Wan-Chuan Kao
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Stretched white leather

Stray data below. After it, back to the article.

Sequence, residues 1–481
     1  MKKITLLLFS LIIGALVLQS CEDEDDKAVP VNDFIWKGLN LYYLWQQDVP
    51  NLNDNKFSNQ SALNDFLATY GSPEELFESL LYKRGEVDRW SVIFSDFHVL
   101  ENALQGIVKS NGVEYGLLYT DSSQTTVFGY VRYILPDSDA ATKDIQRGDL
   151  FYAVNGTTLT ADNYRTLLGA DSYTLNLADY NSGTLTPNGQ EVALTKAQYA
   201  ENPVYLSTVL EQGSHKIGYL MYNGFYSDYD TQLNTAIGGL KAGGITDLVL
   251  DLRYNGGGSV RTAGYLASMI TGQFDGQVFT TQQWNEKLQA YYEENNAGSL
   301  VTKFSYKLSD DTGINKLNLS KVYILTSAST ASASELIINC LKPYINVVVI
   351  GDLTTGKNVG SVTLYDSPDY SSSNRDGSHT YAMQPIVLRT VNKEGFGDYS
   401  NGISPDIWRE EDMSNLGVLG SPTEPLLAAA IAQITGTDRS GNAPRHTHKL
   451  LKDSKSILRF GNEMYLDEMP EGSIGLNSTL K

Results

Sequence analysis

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This chapter considers the intersection of whiteness, precarity and late medieval representations of the Passion. In medieval representations of the Jews, whiteness connotes not salvation but their veil of spiritual blindness. Through his characterisations of Christ and the devils in the Harrowing of Hell episode that evoke those in medieval Passion plays, Langland engages directly with late medieval theatrical culture. Of particular interest is the use of masks and leather costumes in the performance practices; devils were in blackface and black masks, and Christ in a white leather body-suit. The material and devotional practices of whitlether straddle the animal-human-divine continuum; the literal animal skin denotes the vulnerable flesh of God Incarnate and the charter of human redemption. If Christ’s body signifies the whole of Christian society, then Langland, by alluding to the material and devotional practices of white skins, steps outside of an imagined community organised on the basis of clothing and reconfigures the body politic as skin. I then read the whitlether suit through Didier Anzieu’s concept of the Skin Ego, arguing that the whitlether indexes the Passion and the distorted sense of precarity shaping Christian self-victimhood. At the interface of whiteness, leather and faith, the whitlether costume and the Christ Charter tradition figure Christian salvation as a theology of precarity; precarity defines the borders of a community. The shared sense of Christian precariousness, as a mode of governance, is premised on the precaritisation of the Jews as Europe’s internal Other that must be disciplined, ‘stretched’ and eradicated.

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